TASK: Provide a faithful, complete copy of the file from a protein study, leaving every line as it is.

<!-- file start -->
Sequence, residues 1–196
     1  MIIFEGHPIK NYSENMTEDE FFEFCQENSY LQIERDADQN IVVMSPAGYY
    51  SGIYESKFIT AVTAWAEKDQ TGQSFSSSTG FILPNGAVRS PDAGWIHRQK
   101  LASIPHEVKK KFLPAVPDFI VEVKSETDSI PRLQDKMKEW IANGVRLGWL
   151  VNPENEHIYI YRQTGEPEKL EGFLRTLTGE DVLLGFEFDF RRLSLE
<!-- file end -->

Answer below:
Sequence, residues 1–196
     1  MIIFEGHPIK NYSENMTEDE FFEFCQENSY LQIERDADQN IVVMSPAGYY
    51  SGIYESKFIT AVTAWAEKDQ TGQSFSSSTG FILPNGAVRS PDAGWIHRQK
   101  LASIPHEVKK KFLPAVPDFI VEVKSETDSI PRLQDKMKEW IANGVRLGWL
   151  VNPENEHIYI YRQTGEPEKL EGFLRTLTGE DVLLGFEFDF RRLSLE